Use dateutil as described in Python datetime.datetime.now() that is timezone aware:
from dateutil.tz import tzlocal # Get the current date/time with the timezone. now = datetime.datetime.now(tzlocal())
Getting a timezone-aware date in
utc timezone is enough for date subtraction to work.
But if you want a timezone-aware date in your current time zone,
tzlocal is the way to go:
from tzlocal import get_localzone # pip install tzlocal from datetime import datetime datetime.now(get_localzone())
dateutil has a similar function (
dateutil.tz.tzlocal). But inspite of sharing the name it has a completely different code base, which as noted by J.F. Sebastian can give wrong results.
Here is one way to generate it with the stdlib:
import time from datetime import datetime FORMAT='%Y-%m-%dT%H:%M:%S%z' date=datetime.strptime(time.strftime(FORMAT, time.localtime()),FORMAT)
date will store the local date and the offset from UTC, not the date at UTC timezone, so you can use this solution if you need to identify which timezone the date is generated at. In this example and in my local timezone:
date datetime.datetime(2017, 8, 1, 12, 15, 44, tzinfo=datetime.timezone(datetime.timedelta(0, 7200))) date.tzname() 'UTC+02:00'
The key is adding the
%z directive to the representation FORMAT, to indicate the UTC offset of the generated time struct. Other representation formats can be consulted in the datetime module docs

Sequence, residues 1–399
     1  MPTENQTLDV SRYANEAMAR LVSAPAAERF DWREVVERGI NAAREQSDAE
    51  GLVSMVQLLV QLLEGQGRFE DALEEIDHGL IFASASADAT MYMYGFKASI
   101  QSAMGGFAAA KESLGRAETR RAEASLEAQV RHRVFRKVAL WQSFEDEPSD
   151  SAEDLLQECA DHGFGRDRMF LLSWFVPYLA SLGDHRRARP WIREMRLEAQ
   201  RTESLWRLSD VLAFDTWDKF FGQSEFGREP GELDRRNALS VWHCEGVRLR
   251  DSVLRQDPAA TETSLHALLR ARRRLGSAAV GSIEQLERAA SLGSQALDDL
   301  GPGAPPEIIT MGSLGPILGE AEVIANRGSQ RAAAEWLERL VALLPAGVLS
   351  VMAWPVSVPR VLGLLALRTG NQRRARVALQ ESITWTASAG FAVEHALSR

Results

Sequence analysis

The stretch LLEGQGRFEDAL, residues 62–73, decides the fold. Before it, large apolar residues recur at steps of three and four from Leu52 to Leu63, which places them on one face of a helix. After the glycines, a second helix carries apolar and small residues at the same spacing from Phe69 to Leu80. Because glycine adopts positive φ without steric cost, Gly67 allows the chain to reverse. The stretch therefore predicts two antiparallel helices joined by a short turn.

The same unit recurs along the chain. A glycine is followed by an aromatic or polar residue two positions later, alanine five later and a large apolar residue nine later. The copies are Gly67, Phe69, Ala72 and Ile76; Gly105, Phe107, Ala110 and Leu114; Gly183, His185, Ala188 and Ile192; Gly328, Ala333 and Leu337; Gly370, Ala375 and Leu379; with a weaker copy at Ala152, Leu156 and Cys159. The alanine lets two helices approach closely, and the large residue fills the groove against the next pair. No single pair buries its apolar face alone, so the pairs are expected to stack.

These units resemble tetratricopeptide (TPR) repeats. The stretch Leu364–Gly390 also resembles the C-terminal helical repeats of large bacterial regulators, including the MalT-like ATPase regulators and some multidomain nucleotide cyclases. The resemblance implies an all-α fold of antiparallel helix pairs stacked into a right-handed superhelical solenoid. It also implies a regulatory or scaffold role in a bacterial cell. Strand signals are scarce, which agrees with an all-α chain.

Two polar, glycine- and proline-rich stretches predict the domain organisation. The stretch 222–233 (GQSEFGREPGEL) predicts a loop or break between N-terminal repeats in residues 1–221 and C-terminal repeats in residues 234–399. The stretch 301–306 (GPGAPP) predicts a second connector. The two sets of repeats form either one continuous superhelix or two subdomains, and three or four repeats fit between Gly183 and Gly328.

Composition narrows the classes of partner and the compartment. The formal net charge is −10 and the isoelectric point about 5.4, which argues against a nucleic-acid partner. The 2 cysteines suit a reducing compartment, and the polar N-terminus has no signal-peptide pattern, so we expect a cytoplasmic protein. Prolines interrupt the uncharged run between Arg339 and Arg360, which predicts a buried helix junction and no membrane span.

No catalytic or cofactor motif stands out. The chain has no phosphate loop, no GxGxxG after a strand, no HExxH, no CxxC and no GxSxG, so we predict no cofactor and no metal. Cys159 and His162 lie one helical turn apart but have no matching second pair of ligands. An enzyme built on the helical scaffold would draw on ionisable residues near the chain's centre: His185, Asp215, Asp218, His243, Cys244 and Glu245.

If you need the date at the UTC timezone, you can replace time.localtime() with time.gmtime()
date=datetime.strptime(time.strftime(FORMAT, time.gmtime()),FORMAT) date datetime.datetime(2017, 8, 1, 10, 23, 51, tzinfo=datetime.timezone.utc) date.tzname() 'UTC'
This works only on python3. The z directive is not available on python 2 _strptime.py code
The standard library makes it much easier to specify UTC as the time zone:
>>> import datetime >>> datetime.datetime.now(datetime.timezone.utc) datetime.datetime(2020, 11, 27, 14, 34, 34, 74823, tzinfo=datetime.timezone.utc)
You can also get a datetime that includes the local time offset using
>>> datetime.datetime.now(datetime.timezone.utc).astimezone() datetime.datetime(2020, 11, 27, 15, 34, 34, 74823, tzinfo=datetime.timezone(datetime.timedelta(seconds=3600), 'CET'))
(In Python 3.6+, you can shorten the last line to:
If you want a solution that uses only the standard library and that works in both Python 2 and Python 3, see jfs’ answer.
zoneinfoto use the IANA time zone database:
In Python 3.9, you can specify particular time zones using the standard library, using
zoneinfo, like this:
>>> from zoneinfo import ZoneInfo >>> datetime.datetime.now(ZoneInfo("America/Los_Angeles")) datetime.datetime(2020, 11, 27, 6, 34, 34, 74823, tzinfo=zoneinfo.ZoneInfo(key='America/Los_Angeles'))
zoneinfo gets its database of time zones from the operating system, or from the first-party PyPI package
tzdata if available.
If you get current time and date in python then import date and time,pytz package in python after you will get current date and time like as..